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Effects of Childhood Sexual Abuse in Adulthood

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Effects of Childhood Sexual Abuse in Adulthood

Child abuse is a serious issue in today's society. Many people have been victims of child abuse. There are three forms of child abuse: physical, emotional, and sexual. Many researchers believe that sexual abuse is the most detremental of the three. A middle-aged adult who is feeling depressed will probably not relate it back to his childhood, but maybe he should. The short-term effects of childhood sexual abuse have been proven valid, but now the question is, do the long-term effects of childhood sexual abuse affect middle-aged adults? Many contradicting views arise from the subject of childhood sexual abuse. Researchers and psychologists argue on this issue. Childhood sexual abuse has the potential to damage a child physically, emotionally, and behaviorally for the rest of his or her childhood, and the effects have been connected to lasting into middle-aged adulthood.

Research has been conducted on what type of children are the most at risk of being sexually abused. Childhood abuse has a greater chance of happening to children of certain backgrounds. One researcher states that "Child sexual abuse occurs more frequently in children from socially deprived and disorganized family backgrounds. Marital dysfunction, as evidenced by parental separation and domestic violence, is associated with higher risks of child sexual abuse" (Mullen 4). Mullen goes on to state that "The possibility has been raised that characteristics such as physical attractiveness, temperament, or physical maturity might increase the risks of children being sexually abused" (4).

Many researchers link behavioral problems in adulthood to childhood abuse. One researcher says that "An adult who was sexually abused as a child has a greater chance of becoming violent, suicidal, and abusive to their children than an adult who was not abused sexually as a child" (Kliest 155). These characteristics could hinder a victim from living a normal lifestyle and having a family. Kliest also states, "Adults who were abused sexually as children will have a greater chance than those who were not of experiencing sexual dysfunction, such as flashbacks, difficulty in arousal, and phobic reactions to sexual intimacy" (156). Many researchers agree that childhood sexual abuse has a negative effect on an adult's personal relationships. Another researcher states, "A history of childhood sexual abuse (CSA) appears to have an adverse impact on the quality of adult intimate relationships, and they report avoiding the development of close adult relationships because of their fear of rejection" (Whiffen 1103). These behavioral problems possess the ability to destroy an adult's intimate relationships.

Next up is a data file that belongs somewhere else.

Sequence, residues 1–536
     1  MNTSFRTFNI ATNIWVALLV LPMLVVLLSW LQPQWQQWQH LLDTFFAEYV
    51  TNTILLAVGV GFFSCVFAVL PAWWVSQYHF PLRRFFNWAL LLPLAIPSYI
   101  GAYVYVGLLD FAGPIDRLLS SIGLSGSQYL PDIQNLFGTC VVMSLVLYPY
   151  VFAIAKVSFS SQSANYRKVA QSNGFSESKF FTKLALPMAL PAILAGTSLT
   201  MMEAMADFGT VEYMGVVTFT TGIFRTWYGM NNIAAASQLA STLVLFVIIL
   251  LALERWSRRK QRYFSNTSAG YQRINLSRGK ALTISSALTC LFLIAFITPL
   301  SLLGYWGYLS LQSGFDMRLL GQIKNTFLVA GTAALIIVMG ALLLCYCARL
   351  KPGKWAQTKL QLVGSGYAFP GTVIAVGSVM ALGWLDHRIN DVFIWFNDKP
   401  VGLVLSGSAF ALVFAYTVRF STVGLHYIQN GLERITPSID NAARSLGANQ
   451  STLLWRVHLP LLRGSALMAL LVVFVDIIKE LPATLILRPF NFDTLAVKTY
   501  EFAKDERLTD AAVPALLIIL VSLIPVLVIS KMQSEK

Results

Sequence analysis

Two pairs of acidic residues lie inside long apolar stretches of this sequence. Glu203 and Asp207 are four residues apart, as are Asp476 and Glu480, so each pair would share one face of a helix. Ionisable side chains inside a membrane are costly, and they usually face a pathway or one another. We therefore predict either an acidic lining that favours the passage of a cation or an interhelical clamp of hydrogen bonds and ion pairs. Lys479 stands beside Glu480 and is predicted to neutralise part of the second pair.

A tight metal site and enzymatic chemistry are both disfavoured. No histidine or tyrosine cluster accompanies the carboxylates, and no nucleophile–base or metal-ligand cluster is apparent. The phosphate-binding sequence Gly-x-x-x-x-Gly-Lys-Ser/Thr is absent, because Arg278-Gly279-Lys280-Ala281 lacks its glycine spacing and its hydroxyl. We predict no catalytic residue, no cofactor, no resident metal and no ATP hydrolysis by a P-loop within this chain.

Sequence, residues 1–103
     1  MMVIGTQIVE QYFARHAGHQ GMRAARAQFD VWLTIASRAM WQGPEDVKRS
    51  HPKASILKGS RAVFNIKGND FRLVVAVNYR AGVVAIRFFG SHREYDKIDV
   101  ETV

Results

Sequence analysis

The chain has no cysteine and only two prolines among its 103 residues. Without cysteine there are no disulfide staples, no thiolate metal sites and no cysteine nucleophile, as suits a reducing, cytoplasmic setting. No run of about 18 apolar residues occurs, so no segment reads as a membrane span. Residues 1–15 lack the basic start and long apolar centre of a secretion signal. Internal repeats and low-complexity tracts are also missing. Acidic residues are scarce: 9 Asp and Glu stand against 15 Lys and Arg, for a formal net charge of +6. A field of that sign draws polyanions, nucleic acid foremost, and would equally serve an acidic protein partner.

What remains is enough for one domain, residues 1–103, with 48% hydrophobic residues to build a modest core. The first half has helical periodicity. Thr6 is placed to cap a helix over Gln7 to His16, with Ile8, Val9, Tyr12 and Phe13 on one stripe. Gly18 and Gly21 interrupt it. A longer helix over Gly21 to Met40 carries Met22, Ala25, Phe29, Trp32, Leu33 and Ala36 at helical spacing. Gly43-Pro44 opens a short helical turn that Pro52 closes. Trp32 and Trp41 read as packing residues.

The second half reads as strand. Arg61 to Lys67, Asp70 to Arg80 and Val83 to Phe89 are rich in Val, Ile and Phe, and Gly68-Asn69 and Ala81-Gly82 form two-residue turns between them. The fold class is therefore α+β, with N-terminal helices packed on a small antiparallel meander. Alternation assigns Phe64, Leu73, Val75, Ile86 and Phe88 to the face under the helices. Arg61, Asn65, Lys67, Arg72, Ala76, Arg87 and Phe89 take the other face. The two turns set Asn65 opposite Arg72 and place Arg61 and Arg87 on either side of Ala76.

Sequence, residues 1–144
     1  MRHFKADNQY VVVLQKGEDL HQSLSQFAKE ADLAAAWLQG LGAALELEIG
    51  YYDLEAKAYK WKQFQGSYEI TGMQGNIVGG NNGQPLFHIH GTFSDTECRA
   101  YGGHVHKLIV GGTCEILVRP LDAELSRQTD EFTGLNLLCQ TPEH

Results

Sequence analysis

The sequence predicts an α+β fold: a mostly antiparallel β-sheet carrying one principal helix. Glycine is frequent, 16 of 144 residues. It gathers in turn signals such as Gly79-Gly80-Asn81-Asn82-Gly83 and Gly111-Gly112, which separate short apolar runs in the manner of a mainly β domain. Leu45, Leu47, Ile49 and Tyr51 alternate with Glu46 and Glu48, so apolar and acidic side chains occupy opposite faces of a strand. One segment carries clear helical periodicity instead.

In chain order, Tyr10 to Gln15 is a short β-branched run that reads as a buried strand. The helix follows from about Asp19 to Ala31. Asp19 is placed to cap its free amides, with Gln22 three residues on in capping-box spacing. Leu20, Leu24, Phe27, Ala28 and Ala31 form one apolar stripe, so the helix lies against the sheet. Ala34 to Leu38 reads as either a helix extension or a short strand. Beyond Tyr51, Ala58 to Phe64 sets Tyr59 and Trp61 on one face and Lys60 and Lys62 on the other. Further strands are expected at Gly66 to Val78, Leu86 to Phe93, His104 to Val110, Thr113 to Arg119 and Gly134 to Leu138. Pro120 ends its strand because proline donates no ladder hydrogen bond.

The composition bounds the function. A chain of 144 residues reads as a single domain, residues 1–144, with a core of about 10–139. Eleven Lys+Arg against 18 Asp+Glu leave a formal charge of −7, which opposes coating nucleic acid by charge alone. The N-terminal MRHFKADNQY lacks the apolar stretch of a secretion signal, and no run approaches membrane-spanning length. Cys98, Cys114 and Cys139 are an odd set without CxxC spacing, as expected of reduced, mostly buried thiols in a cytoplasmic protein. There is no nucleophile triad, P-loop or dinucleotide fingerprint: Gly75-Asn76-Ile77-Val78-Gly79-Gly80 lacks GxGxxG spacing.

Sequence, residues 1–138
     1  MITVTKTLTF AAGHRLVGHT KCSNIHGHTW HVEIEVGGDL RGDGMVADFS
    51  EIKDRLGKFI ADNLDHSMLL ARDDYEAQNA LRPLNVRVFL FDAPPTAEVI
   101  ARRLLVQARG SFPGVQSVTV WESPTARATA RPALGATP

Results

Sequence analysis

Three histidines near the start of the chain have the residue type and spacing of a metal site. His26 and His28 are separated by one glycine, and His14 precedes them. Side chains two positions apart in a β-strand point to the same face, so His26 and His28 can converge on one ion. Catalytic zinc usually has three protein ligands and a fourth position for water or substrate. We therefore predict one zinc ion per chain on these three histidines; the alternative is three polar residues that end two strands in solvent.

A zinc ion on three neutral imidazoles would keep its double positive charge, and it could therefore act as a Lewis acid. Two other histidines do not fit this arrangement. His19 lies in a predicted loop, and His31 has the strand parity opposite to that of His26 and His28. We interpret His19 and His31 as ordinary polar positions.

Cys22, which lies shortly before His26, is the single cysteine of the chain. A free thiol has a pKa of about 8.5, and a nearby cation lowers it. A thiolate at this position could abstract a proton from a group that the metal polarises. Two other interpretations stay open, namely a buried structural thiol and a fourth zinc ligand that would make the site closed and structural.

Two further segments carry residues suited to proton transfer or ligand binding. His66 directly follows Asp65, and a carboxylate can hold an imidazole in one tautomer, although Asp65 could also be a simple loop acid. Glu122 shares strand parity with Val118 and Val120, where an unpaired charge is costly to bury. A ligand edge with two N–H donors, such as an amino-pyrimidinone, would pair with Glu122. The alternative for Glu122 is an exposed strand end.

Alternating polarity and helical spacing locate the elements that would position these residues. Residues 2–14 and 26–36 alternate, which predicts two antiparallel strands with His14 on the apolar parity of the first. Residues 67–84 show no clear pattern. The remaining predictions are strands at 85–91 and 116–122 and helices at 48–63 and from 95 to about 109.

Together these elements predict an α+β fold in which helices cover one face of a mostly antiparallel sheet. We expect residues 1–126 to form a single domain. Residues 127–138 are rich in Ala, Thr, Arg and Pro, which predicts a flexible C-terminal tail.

Being sexually abused as a child has the power to lead to mental health problems as a middle-aged adult. Depression is a common effect of childhood sexual abuse for middle-aged adults. Shane Kasner, a psychologist, states, "Research has consistently found that childhood sexual abuse (CSA) is associated with poor psychological outcome in adult populations" (Kasner 1245). Valerie Whiffen, a psychologist, reports that there is strong evidence relating childhood sexual abuse (CSA) with adult depression (Whiffen 1102). Whiffen says, "Both men and women with a history of childhood sexual abuse reported more interpersonal problems than individuals without this history" (1104). Another researcher documents that "It has often been reprted that suffering abuse as a child can have a negative effect on one's mental health as an adult. Several studies of female psychiatric inpatients and outpatients have found that between 36% to 51% of subjects reported histories of sexual abuse" (Barnard-Thompson 6). That is a very alarming number. Barnard-Thompson also report that "Residents also recognized the significant association of post-traumatic stress disorder, boderline personality disorder, and dissociative disorders with child sexual abuse" (6). These as just a few examples of the outcomes that sexual abuse can cause in middle-aged adults. L.A. McKeown, a doctor, states that "adult women who were sexually abused as children have different hormonal reactions to stress than women who were not abused (McKeown 1). McKeown also says "Women who ere not victims of abuse, whether they were depressed or not, had a heightened biological response to the stressful situation, the degree of their response correlated with the severity of the childhood truama" (1). It has been proven that there is damaging emotional effects that acompany middle-aged adults who are victims of childhood sexual abuse.